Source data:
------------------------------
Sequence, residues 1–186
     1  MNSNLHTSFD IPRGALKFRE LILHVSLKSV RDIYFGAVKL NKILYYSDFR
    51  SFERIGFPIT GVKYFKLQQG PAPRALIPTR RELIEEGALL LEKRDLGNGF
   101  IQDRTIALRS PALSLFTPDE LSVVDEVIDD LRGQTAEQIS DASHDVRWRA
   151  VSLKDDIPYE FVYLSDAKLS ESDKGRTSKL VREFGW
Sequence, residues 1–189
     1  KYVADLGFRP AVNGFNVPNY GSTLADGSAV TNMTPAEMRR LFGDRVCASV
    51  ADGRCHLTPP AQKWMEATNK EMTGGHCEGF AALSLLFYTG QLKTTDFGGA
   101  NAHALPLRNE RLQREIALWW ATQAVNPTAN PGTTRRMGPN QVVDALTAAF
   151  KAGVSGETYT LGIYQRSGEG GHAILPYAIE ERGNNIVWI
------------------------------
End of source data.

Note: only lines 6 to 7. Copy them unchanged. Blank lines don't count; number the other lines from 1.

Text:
Sequence, residues 1–189
     1  KYVADLGFRP AVNGFNVPNY GSTLADGSAV TNMTPAEMRR LFGDRVCASV